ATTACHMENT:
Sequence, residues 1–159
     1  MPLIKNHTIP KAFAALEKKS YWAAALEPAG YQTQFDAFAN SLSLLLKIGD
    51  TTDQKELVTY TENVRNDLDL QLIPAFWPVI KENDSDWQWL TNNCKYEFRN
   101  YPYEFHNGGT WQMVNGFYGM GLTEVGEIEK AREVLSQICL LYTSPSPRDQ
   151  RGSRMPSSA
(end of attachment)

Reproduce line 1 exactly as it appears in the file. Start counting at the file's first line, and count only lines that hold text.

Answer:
Sequence, residues 1–159